Hopefully many parents, teachers, and concerned RI residents are aware that the RI Council on Elementary and Secondary Education has proposed changes to the high school diploma system. They will host four public hearings in late August and early September, and also are accepting public comment in writing. Here is the link to the draft changes.
The meetings will be held Monday, August 22 at the Cumberland Public Library; Monday, August 29 at the Newport Public Library; Tuesday, September 6 at the Warwick Public Library; and Monday, September 12 at URI’s Providence Campus.
In addition to the dates and venues for the public forums, this document says that written comments can be submitted to Sonya Barbosa at Secondary@ride.ri.gov. One week ago, on August 1, I submitted the following email with my questions and concerns. I re-sent them two days later, when I realized that Ms. Barbosa might not have read through to the end of my email and not have realized that I requested a confirmation that my comments had been received and forwarded to the members of the RI Council on Elementary and Secondary Education and the members of the RI Board of Education. It is now August 8, and I still have not received an acknowledgement. Therefore, I am making my concerns public. I hope that this will inspire others to read the proposed changes, consider their impact, and provide a statement in person at a forum and/or in writing. The future of our students is too important to leave to the educrats to decide.
To: Sonya Barbosa, RIDE
To the Members of the RI Council on Elementary and Secondary Education, and the Members of the RI Board of Education:
Thank you for the opportunity to express my thoughts on the proposed changes to the graduation requirements. As a retired teacher from the RI School for the Deaf, I have read through the proposed changes and considered how they would affect my former students and students in general across the state. I have several questions and concerns.
• As many of you may know, I have been an outspoken critic of the Common Core State Standards and the PARCC assessments, for many reasons. I was surprised to see on lines 70-73 of the proposed regulations that the definition of Common Core Standards had a strike-through of the entire paragraph. What does this mean, since the PARCC tests are based on the CCSS (and so are the PSAT and SAT), and students in grades 3-9 will still be expected to take the PARCC annually?
• Lines 305-307 state that as of 2017 LEAs may choose to include the state assessment or other standardized assessment as a graduation requirement. How does this mesh with the latest announcements from RIDE that 10th and 11th graders will no longer take the PARCC, and may optionally take the PSAT and SAT? This is purportedly for the purpose of guarding against over-testing.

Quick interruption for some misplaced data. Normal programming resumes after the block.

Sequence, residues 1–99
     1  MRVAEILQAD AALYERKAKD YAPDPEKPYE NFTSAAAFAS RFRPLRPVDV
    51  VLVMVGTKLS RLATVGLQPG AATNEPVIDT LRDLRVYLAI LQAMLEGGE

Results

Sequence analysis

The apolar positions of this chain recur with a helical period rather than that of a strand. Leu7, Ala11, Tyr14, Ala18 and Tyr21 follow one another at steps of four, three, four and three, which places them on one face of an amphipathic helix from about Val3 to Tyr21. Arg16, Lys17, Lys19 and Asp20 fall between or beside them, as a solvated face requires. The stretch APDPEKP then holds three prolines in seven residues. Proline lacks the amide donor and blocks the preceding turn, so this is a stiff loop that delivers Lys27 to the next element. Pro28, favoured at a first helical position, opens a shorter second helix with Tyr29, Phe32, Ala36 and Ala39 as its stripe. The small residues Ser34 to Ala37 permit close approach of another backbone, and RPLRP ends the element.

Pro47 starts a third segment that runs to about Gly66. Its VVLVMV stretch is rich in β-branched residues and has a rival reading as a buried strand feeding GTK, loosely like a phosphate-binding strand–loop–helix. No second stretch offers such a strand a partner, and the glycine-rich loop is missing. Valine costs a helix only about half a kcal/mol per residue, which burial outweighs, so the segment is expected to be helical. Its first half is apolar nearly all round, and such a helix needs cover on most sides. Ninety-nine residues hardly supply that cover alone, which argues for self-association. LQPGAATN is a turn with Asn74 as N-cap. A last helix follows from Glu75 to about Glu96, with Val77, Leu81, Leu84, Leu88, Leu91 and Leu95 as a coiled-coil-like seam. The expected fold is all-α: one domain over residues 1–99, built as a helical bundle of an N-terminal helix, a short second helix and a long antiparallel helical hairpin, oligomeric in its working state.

Some districts have already made participation in the PARCC a graduation requirement as of 2017. Many RI parents and parents across the country have researched the PARCC ELA and Math assessments and decided that it is not is the best interest of their children to participate. Will RIDE accept the situation that students who have fulfilled all other requirements for graduation will not receive a diploma for not taking this flawed test? Will an exemplary student be denied a diploma in 2021 for refusing to participate in the PARCC Algebra 1 test in 8th grade, or the PARCC ELA test in 9th grade? We are soon entering the 2016-2017 school year. There is so much confusion around the diploma requirements across the state. RIDE keeps changing the recommendations, people assume that the RIDE recommendations are state-wide regulations, but districts can still decide otherwise. This situation is untenable.
• The major proposed changes to the current Proficiency Based Graduation Requirements seem to involve the Optional Commissioner’s Seal and the Optional Pathway Endorsement. These are alluded to in lines 446-464 as Council Designations. Yet the Commissioner’s Seal and Pathway Endorsements are not described in detail in the proposed changes. According to the “Proposal for a Revised Rhode Island Diploma System: Overview and Frequently Asked Questions,” developed as of May 20, 2016: http://www.ride.ri.gov/Portals/0/Uploads/Documents/Diploma-System/Regs_FAQs_v%202_5%2020.pdf
“6. Why don’t I see a reference to the Commissioner’s Seal or Pathway Endorsements in the proposed Secondary Regulations?
“The Commissioner’s Seal and Pathway Endorsements would be allowed under the proposed section L-6-3.3, which outlines the criteria for Council Designations. [L-6-3.4 says “Council designations” but does not outline them.] In order to stay current with innovative practices in the field, the proposed Secondary Regulations create the structure for the Council on Elementary and Secondary Education to name, define, and allow the Commissioner’s Seal and Pathway Endorsements at a later time than the initial vote on the regulations, and to review and revise these designations as necessary.”